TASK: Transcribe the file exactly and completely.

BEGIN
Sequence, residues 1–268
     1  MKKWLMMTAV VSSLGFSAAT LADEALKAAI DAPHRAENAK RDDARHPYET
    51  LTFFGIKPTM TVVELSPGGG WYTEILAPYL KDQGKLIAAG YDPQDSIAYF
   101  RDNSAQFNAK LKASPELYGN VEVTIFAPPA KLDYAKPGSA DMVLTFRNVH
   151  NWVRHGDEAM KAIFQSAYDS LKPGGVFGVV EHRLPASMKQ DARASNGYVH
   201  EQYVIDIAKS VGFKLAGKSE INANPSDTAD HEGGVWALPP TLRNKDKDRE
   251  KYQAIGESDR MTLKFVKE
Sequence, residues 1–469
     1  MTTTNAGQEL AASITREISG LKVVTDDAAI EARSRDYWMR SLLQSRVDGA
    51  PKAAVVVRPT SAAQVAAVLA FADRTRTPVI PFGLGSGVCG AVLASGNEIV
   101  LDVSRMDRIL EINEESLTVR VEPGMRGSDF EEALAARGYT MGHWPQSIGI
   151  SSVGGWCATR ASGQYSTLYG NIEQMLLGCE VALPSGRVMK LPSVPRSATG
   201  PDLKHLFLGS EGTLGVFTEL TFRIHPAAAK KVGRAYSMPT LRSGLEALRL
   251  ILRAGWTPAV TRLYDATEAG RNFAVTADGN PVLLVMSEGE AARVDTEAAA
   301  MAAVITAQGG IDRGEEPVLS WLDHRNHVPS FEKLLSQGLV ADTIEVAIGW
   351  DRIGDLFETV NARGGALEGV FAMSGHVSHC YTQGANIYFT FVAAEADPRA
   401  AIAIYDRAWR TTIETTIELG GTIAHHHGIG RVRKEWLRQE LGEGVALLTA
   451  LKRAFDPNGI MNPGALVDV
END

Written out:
Sequence, residues 1–268
     1  MKKWLMMTAV VSSLGFSAAT LADEALKAAI DAPHRAENAK RDDARHPYET
    51  LTFFGIKPTM TVVELSPGGG WYTEILAPYL KDQGKLIAAG YDPQDSIAYF
   101  RDNSAQFNAK LKASPELYGN VEVTIFAPPA KLDYAKPGSA DMVLTFRNVH
   151  NWVRHGDEAM KAIFQSAYDS LKPGGVFGVV EHRLPASMKQ DARASNGYVH
   201  EQYVIDIAKS VGFKLAGKSE INANPSDTAD HEGGVWALPP TLRNKDKDRE
   251  KYQAIGESDR MTLKFVKE
Sequence, residues 1–469
     1  MTTTNAGQEL AASITREISG LKVVTDDAAI EARSRDYWMR SLLQSRVDGA
    51  PKAAVVVRPT SAAQVAAVLA FADRTRTPVI PFGLGSGVCG AVLASGNEIV
   101  LDVSRMDRIL EINEESLTVR VEPGMRGSDF EEALAARGYT MGHWPQSIGI
   151  SSVGGWCATR ASGQYSTLYG NIEQMLLGCE VALPSGRVMK LPSVPRSATG
   201  PDLKHLFLGS EGTLGVFTEL TFRIHPAAAK KVGRAYSMPT LRSGLEALRL
   251  ILRAGWTPAV TRLYDATEAG RNFAVTADGN PVLLVMSEGE AARVDTEAAA
   301  MAAVITAQGG IDRGEEPVLS WLDHRNHVPS FEKLLSQGLV ADTIEVAIGW
   351  DRIGDLFETV NARGGALEGV FAMSGHVSHC YTQGANIYFT FVAAEADPRA
   401  AIAIYDRAWR TTIETTIELG GTIAHHHGIG RVRKEWLRQE LGEGVALLTA
   451  LKRAFDPNGI MNPGALVDV